Carl Baehr
City Streets

The Barons of Bay View

Wealthy businessmen Stephen Clement and Eber Ward founded Bay View, named many streets.

By - Jan 5th, 2017 02:27 pm

Stephen Clement and Eber Ward were two of the founders of the iron rolling mill that would become the core of the Bay View neighborhood. They were about the same age; Ward was born in Canada in 1811 and Clement in Pennsylvania in 1813; and their careers followed similar paths. Both resided in Detroit and became captains of Great Lakes ships in their early twenties, and they co-owned a steamer line that provided service between Milwaukee and Chicago while in their early forties.

In 1866, while in their fifties, they founded the Village of the Milwaukee Iron Company, which produced rails for the rapidly growing railroad industry. (Bay View grew as a company town around the iron mill.) The two men were very close; Clement named his son Ward after his partner. They were even relatives for a while. Ward had married Mary McQueen in 1837 and Clement married her younger sister, Susan, after his first wife died in 1853. The brother-in-law relationship ended in 1869 when Mary divorced Ward for adultery. Two months later he married his second wife, Catherine Lyon.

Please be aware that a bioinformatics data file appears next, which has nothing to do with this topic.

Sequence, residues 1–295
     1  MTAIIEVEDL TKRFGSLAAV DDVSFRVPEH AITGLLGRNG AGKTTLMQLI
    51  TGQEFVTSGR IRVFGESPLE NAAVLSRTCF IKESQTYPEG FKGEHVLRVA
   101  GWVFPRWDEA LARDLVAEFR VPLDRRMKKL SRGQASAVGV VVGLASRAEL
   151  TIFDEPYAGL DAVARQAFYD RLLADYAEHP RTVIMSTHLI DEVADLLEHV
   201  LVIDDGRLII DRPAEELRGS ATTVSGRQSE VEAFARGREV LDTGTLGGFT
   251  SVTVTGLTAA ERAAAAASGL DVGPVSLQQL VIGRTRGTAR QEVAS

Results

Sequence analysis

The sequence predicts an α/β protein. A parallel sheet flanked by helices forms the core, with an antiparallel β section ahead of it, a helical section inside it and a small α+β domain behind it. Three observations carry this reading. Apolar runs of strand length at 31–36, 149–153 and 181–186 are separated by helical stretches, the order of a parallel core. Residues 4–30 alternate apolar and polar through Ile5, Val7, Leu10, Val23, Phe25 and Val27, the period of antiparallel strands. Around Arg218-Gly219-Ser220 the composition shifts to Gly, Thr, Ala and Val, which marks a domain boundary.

Eber Ward. Photo is in the Public Domain.

Eber Ward. Photo is in the Public Domain.

Ward, who was known as the “steamship king of the Great Lakes,” remained a resident of Detroit, where he became more wealthy by the minute due to his ownership in shipbuilding, railroads, mining, and steel mills. He became Detroit’s first millionaire and when he died there in 1875 he was the richest man in the Midwest.

When Clement became the president of the Bay View company in 1877 he moved to Milwaukee and resided in the Yankee Hill neighborhood. According to his obituary, he was one of the wealthiest men in Milwaukee when he died at his daughter’s summer home in Oconomowoc in August 1894. He was buried in Waukegan, Illinois.

Eber Ward’s name is memorialized in Bay View with E. Ward Street, a short side-street, .3 miles long, that connected E. Lincoln and S. Kinnickinnic avenues early in its history, and was later extended from KK Avenue to E. Bay Street. The much better known S. Clement Avenue was named for Stephen Clement and runs from E. Otjen Street in Bay View to S. Whitnall Avenue near the north end of General Mitchell International Airport, a distance of 2.3 miles.